LISA: Yeah, you know, the recruiting piece, I think we're doing a reasonably good job of and that sort of reaching in and identifying, you know, high potential individuals earlier, making sure they understand the benefits and role and impact they could have in the STEM fields. I think the challenge for us is really retaining at this point. And I think there's a couple of things there, one of which is really identifying potential early individuals. And so making sure you're taking a really purposeful career planning exercises with folks who develop promising talent. And so not letting it just happen by chance but being very purposeful about career development for high potential women. And then I think also providing support. So we all go through life stages. It was very different when I was young and single and could move anywhere and could travel anywhere and all those types of things. Well, things changed when I had my son, right. And so and just recognizing that it isn't a female, like there are uniquely some things that we do better, or we're the only ones who do it, like having children, right. And so or bearing children. And so there's some things that will need to be different. And just recognizing those differences and providing support around it, you know, surround women, whether it be, you know, resources, like childcare, or certain policies that really promote women at every stage of their lives. So I think there's a couple of different things to really help with that retention. I think it's something that, you know, not just at Abbott, and not just the med tech industry, but we're still working towards, how do we make sure that women are, you know, we're giving them a sort of a fair and equitable shot at some of the top jobs? Because we have to recognize there are differences in terms of their life's path and we need to celebrate those and support those.
STEPHANIE: That's a great point. I know that right now, in college, having a family and doing those things aren't really in my immediate point of view. But looking ahead, I think that's really important. And I know, I've seen plenty of articles about Abbott being really great for working mothers. And although it's far out, I think that that's really encouraging. So, the next question, I noticed that our society tends to add the adjective female in front of important terms like CEO, engineer, and leader. How do you think we as a society can change our language to encourage women to hold these roles, yet not discredit their success by focusing on their gender?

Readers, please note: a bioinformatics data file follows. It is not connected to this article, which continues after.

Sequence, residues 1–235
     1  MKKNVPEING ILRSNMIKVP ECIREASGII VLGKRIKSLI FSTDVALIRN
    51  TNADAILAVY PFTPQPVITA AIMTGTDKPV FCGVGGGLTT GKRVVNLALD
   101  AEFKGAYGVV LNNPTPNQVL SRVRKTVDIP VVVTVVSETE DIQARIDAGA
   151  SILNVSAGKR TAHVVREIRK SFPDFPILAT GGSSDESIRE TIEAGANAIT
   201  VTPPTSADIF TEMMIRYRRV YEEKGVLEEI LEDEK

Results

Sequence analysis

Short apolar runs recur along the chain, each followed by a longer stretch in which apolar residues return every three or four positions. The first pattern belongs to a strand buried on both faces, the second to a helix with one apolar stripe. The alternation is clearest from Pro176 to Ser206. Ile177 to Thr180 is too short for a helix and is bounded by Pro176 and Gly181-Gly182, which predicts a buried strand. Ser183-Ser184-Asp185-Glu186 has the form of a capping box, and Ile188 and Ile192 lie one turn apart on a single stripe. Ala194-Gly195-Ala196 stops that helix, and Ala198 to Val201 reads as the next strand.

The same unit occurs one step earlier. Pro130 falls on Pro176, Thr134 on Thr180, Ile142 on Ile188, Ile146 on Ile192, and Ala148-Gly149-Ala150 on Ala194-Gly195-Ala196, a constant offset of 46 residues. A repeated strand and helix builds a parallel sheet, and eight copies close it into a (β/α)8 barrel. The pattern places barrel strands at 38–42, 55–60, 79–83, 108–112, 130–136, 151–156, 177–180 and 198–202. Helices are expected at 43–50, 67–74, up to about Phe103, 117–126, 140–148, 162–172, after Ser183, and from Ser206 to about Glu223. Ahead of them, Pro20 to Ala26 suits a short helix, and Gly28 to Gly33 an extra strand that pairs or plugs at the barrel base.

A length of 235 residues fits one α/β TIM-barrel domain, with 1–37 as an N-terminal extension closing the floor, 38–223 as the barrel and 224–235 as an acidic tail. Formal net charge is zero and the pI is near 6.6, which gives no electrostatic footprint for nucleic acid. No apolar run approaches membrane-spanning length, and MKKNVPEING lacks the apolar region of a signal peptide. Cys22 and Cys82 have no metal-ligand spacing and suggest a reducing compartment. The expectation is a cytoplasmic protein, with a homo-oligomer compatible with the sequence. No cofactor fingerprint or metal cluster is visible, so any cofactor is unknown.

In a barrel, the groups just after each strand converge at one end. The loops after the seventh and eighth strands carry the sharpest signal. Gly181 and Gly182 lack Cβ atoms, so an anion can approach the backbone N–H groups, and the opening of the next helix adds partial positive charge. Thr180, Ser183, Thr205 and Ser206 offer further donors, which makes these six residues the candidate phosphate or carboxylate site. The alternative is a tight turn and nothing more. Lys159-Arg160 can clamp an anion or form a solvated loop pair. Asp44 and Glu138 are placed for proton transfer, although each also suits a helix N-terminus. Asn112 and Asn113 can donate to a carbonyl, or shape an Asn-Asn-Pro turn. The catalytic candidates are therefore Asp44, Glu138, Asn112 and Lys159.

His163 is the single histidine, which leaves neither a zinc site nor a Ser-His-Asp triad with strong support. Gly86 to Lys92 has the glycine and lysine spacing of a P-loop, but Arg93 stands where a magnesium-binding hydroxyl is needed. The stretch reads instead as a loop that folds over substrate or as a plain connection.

LISA: Yeah, it's so interesting, you never hear male CEO, right. So I think it's a little bit of a double-edged sword. By calling it out you're highlighting the achievements of women. You're setting forth a role model. You're celebrating the success. But then also calling it out by using that female as an adjective, you know, it's different than what you would typically do with an exceptional CEO. You might call them visionary CEO or impactful or world-changing or top-performing CEO. And so I do think, you know, the issue is, both, you know, it's as simple as sort of word choice, right. But because we treat women CEOs is a bit of an anomaly, because there aren't as many leaders in that role, we focus pretty strongly on who those individuals are versus what they've done. And so I do think, as we move forward, it's important to recognize that, you know, don't just focus the conversation on the fact that an individual is female. And, and, you know, what a unique set of circumstances just, you know, it's not bad to acknowledge it, but at the same time, you know, moving the conversation away from sort of femaleness and make it sort of more acceptable to talk about other traits that make them a successful leader or a role model in their own right.